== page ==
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Pollinators are more than just Bees!

Pollinators are more than just Bees!
This news article is from our news archive, details may be out of date - thank you.
23rd - 27th May 2017

We are all aware of the threats to the pollinators on which the health and genetic diversity of much of our plant life depends.

By far the most important pollinator is the bee, however, what many people may not fully appreciate is the range of work carried out by other pollinators. Flies, for example, are second in importance to bees as pollinators.

With this in mind, we plan to include a range of plant pollinator relationships from the mundane (and sometimes over-looked ) to the more unusual and exotic!

Everything from moths to midges; beetles to bats; and not forgetting humans!

BEETLES: Many present day beetle pollination associations like that of magnolias have evolutionary origins. The MAGNOLIA - a primitive angiosperm - evolved before winged insects. (scents associated with beetle pollination are often spicy - CRAB APPLE, sweet - CHIMONANTHUS, or fermented - CALYCANTHUS)

Crab Apple - 'John Downie'CHIMONANTHUS nitensCalycanthus 'Aphrodite'

BATS: Along with moths, form the night shift. Over 300 fruit trees worldwide rely on bat pollination. EG. BANANAS, GUAVAS - and popular architectural plants such as AGAVES. (flowers tend to be nocturnal, large in size, pale or white in colour and v. fragrant - but with a fermenting or fruit-like odour)

MOTHS: Mainly active at night but some are active by day, such as Hummingbird Hawkmoths. At night plants with pale or white flowers heavily scented and with copious amounts of nectar attract these pollinators. (flowers open or strongly scented late afternoon or at night - such as LONICERA, JASMINUM, BUDDLEJA, LILAC, PHLOX, LIATRIS SPICATA. There are also specific symbiotic plant moth relationships where both are completely dependent on each other such as YUCCA)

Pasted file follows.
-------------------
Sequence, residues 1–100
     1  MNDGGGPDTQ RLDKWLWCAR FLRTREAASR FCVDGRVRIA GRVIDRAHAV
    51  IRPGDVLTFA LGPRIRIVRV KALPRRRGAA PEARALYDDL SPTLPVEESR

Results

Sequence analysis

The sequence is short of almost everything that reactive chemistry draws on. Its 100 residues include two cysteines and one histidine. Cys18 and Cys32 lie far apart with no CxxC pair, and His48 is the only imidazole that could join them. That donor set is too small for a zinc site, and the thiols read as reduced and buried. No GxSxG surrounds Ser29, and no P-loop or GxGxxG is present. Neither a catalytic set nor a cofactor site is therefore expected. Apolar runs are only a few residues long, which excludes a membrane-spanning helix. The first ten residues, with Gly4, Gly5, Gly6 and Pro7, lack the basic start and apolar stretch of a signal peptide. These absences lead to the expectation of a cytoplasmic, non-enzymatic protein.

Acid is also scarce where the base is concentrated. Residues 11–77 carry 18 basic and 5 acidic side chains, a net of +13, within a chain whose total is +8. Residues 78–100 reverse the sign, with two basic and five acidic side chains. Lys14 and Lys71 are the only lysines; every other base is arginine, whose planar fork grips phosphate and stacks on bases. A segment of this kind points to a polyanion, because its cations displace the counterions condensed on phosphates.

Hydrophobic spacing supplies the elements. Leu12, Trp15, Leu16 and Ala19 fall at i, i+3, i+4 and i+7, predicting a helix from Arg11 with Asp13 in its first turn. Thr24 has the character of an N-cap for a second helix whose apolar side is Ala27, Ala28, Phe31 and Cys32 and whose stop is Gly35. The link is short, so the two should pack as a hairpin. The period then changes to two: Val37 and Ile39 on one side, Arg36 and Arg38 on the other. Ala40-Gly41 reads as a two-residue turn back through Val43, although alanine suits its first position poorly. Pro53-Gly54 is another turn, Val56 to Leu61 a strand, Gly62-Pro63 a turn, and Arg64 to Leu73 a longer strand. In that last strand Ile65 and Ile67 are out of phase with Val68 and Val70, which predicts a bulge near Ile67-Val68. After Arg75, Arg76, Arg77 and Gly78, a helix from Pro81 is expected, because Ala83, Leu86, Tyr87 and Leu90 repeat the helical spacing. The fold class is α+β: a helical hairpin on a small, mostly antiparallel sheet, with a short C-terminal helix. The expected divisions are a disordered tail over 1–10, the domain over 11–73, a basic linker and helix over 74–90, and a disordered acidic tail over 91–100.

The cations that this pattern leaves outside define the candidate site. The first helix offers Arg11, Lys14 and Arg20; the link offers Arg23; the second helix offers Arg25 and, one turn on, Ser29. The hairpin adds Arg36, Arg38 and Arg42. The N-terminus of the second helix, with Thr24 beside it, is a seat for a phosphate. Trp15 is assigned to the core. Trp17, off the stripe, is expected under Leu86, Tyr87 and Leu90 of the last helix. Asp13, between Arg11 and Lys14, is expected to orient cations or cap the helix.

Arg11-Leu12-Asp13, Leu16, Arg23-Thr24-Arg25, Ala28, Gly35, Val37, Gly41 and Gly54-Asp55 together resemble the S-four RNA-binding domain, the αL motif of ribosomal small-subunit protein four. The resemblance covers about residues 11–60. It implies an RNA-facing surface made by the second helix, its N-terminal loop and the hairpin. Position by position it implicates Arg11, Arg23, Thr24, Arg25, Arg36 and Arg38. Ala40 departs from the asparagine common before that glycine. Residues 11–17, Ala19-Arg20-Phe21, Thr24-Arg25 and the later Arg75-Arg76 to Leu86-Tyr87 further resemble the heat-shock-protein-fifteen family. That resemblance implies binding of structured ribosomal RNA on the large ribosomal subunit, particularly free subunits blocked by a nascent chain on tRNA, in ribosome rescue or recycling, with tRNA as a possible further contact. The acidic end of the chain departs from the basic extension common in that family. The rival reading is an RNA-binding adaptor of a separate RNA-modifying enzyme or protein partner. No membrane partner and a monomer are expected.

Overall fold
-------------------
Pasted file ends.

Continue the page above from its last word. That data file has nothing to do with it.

Lonicera periclymenum belgicaJasmine 'Clotted Cream'Buddleja 'Royal Red'

FLIES: One good example of fly pollination is that of Theobrama cacao - Chocolate! It is a good example of how human intervention - the creation of plantations where the plant is no longer in it's natural habit - have created pollination problems. The small low hanging flowers depend on pollination by midges found in their original habitat of humid shady rainforest. In a commercial plantation the flower/midge cycle is out of sync. Attempts are now being made to establish small plantations on the very edges of the natural rainforest. (Flies head for plants with a strong and ususally less than pleasant odour such as TRILLIUM ERECTUM)

HUMAN: Following the catastrophic collapse of their entire wild bee population, farmers in Maoxian region in Sichuan province have been forced to pollinate their apple crops by hand. There is a 5 day window so thousands of people take part.

BEES: Back to Bees! Bees are the most important pollination partners. Because they collect pollen and nectar to supply the next generation, they have an intense and constant foraging behaviour which helps to maintain the vigour of the crop. Bees, unlike wasps, have a coat of pollen-collecting hairs and the ability to warm themselves up which means they can be active over a long period of time.

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